“The doctrine and practice of the Church must not be allowed to be impugned by those who have no claim at all to Scripture, and who can prove neither the canon, its inspiration, nor its primary doctrines, except through that very authority which they are questioning, and through treacherous inconsistency with the principles on which they are interrogating it. When many years ago this ground was boldly adopted, it was charged with being an attempt to throw Protestants into infidelity, and sap the foundations of the Bible. Years of experience, and observation not superficial, have only strengthened our conviction, that this course must be fearlessly pursued. We must deny to Protestantism any right to use the Bible, much more to interpret it. Cruel and unfeeling it may be pronounced by those who understand the strength of our position, and the cogency of the argument; but it is much more charitable than to leave them to the repeated sin of blaspheming God’s Spouse, and trying to undermine the faith of our poor Catholics.” [The Catholic doctrine on the use of the Bible, 1853]

I’m sure that the Evangelist, Jerome and Fabiola would have all been in agreement.

Lift a libation and invoke health today for your loved ones… and confusion to your enemies… on this Feast of St. John.

About Fr. John Zuhlsdorf

Fr. Z is the guy who runs this blog. o{]:¬)
This entry was posted in Saints: Stories & Symbols and tagged , , , . Bookmark the permalink.


  1. Pingback: 27 Dec – St. Fabiola – Wherein Card. Wiseman says: “We must deny to Protestantism any right to use the Bible, much more to interpret it.” – Via Nova Media

  2. Gregg the Obscure says:

    The beloved disciple was also the one who asked the Lord if he should call down fire from the heavens – a sentiment to which i frequently relate

  3. TonyO says:

    Gregg, I think we can all relate. Yet I think that same beloved disciple is also glad when we, who come later, learn from his mistakes, and instead learn to love our enemies and seek their conversion to the Lord, praying as earnestly for it as for favors for ourselves. (I wish I could follow my own advice better.)

    While sometimes Protestants do actually get an interpretation of a biblical passage correct – and we can learn worthwhile things thereby – I find it not the least uncommon for their interpretations to run astray due to one or many wrong principles. And perhaps most significantly they hardly ever seem to be interested in what the early Fathers of the Church had to say about those passages, something that you would think any Christian would be keen to learn. So, even when a Protestant does happen to get a passage right, how could we ever look at that so as to rely on it as if it were something trustworthy? I think I’ll look to the Church.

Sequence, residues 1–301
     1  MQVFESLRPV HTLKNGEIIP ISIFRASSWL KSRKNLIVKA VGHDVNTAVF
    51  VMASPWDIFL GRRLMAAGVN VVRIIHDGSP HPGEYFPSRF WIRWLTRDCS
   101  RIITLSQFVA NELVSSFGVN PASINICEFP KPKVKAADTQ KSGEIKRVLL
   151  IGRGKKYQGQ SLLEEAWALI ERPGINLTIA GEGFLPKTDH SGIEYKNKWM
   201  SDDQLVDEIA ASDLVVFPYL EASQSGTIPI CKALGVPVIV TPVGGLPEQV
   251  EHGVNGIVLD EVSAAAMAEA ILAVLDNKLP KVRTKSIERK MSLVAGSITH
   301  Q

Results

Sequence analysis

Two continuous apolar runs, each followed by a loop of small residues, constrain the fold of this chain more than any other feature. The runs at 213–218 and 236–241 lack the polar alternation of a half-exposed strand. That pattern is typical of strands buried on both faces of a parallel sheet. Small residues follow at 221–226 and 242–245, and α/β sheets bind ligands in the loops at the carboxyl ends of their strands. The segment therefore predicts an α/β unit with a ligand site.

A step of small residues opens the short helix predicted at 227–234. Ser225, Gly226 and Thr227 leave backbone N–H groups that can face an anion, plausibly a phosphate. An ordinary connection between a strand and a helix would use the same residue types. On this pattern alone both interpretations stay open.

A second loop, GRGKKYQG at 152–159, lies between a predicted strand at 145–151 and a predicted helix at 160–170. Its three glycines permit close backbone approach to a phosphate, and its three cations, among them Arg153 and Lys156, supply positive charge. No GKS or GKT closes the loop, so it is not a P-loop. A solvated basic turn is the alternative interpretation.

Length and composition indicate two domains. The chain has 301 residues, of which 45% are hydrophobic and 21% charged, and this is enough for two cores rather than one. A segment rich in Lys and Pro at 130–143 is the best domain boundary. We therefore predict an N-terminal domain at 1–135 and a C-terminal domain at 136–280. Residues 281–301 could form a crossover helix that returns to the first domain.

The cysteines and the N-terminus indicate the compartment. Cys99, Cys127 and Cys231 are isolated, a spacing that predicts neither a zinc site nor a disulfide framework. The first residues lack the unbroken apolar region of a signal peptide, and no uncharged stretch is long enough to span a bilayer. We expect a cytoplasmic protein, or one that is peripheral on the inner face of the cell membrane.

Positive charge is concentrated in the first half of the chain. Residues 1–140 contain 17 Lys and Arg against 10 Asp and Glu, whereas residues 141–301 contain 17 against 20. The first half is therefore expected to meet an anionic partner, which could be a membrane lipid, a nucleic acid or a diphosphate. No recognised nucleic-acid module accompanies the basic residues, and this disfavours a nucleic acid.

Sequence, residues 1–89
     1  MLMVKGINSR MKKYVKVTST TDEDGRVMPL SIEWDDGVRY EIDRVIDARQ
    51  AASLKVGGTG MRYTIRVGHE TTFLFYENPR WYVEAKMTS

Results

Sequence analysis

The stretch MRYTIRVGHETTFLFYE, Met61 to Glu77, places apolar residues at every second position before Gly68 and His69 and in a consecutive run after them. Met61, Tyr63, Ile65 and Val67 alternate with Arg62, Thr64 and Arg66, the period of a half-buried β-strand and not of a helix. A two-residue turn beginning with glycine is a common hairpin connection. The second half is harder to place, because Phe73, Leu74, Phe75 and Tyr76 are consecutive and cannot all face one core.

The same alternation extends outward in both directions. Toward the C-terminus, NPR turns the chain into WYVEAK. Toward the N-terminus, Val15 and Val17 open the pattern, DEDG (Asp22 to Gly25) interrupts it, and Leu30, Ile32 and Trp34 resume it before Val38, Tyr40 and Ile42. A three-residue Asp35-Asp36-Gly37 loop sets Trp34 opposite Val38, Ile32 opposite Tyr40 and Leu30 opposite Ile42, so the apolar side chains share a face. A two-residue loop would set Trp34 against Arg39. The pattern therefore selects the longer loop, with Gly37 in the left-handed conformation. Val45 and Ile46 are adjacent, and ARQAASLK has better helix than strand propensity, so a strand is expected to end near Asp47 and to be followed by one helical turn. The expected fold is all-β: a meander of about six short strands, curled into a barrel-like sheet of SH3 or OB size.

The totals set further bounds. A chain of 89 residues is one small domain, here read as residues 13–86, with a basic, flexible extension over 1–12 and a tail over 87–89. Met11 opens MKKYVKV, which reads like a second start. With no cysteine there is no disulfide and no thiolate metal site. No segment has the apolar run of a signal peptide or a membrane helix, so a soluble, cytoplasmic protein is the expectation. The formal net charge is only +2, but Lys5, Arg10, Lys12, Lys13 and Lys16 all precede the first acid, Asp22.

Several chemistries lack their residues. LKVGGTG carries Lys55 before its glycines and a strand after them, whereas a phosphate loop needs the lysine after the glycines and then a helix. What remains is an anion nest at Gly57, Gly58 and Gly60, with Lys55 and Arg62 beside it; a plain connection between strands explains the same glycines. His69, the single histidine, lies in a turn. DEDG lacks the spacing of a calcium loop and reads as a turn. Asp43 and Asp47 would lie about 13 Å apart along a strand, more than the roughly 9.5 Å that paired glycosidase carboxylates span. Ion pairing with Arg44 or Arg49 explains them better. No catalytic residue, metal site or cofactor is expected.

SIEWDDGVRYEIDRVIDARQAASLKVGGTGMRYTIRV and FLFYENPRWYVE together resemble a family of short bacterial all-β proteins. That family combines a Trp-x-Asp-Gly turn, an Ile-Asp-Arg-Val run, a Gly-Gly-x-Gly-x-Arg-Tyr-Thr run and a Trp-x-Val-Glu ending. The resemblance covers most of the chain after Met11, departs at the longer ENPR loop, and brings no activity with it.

4. Suburbanbanshee says:

    Oh, that’s quite deep. We think of John as gentle and kind, but he was one of the Sons of Thunder, wasn’t he? And quite pushy about offices, too, early on.

    Obviously even those of us who are hot-tempered and pushy can be amended by leaning on Jesus’ breast and living with the Blessed Mother.

    That said, the bit where he ran out of the building in fear of being smited along with a heretic… kinda argues that he was still hoping for a little bit of fire from heaven. Sometimes. When merited.

  5. Semper Gumby says:

    More relevant and practical, and without the tribalism and revenge requiring a totalitarian government to enforce is: “We must deny to Pachamama any right to use the Bible, much more to interpret it.”

  6. Venerator Sti Lot says:

    I made an enjoyable start on Fabiola a while ago, but somehow got distracted and need to start over.

    And now I am intrigued by The Catholic Doctrine on the Use of the Bible, 1853… I see the Internet Archive has scans of both the original magazine publication and book form (alas, a quick check suggests frustratingly badly scanned, in the latter case)… and that it has a scan of an 1853 American edition of the book he was reviewing in it, Archbishop Joseph Dixon’s A General Introduction to the Sacred Scriptures; in a series of Dissertations, Critical, Hermeneutical, and Historical (as well as a copy of its 1875 Second Edition).

Comments are closed.